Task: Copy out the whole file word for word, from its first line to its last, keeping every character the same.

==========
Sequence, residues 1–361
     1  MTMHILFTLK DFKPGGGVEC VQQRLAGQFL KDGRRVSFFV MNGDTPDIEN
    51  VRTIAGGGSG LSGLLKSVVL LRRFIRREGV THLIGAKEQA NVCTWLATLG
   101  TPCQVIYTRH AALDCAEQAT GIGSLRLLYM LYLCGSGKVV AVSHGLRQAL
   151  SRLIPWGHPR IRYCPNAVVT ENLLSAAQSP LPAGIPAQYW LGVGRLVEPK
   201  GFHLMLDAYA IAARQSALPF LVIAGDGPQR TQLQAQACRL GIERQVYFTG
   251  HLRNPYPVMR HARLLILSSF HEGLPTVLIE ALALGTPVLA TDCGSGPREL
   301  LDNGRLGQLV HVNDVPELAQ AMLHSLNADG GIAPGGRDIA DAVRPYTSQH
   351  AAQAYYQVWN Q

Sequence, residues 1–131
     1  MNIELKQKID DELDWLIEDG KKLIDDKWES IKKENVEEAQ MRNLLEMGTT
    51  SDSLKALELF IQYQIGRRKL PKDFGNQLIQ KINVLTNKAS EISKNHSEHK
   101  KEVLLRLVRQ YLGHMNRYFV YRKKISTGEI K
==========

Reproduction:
Sequence, residues 1–361
     1  MTMHILFTLK DFKPGGGVEC VQQRLAGQFL KDGRRVSFFV MNGDTPDIEN
    51  VRTIAGGGSG LSGLLKSVVL LRRFIRREGV THLIGAKEQA NVCTWLATLG
   101  TPCQVIYTRH AALDCAEQAT GIGSLRLLYM LYLCGSGKVV AVSHGLRQAL
   151  SRLIPWGHPR IRYCPNAVVT ENLLSAAQSP LPAGIPAQYW LGVGRLVEPK
   201  GFHLMLDAYA IAARQSALPF LVIAGDGPQR TQLQAQACRL GIERQVYFTG
   251  HLRNPYPVMR HARLLILSSF HEGLPTVLIE ALALGTPVLA TDCGSGPREL
   301  LDNGRLGQLV HVNDVPELAQ AMLHSLNADG GIAPGGRDIA DAVRPYTSQH
   351  AAQAYYQVWN Q

Sequence, residues 1–131
     1  MNIELKQKID DELDWLIEDG KKLIDDKWES IKKENVEEAQ MRNLLEMGTT
    51  SDSLKALELF IQYQIGRRKL PKDFGNQLIQ KINVLTNKAS EISKNHSEHK
   101  KEVLLRLVRQ YLGHMNRYFV YRKKISTGEI K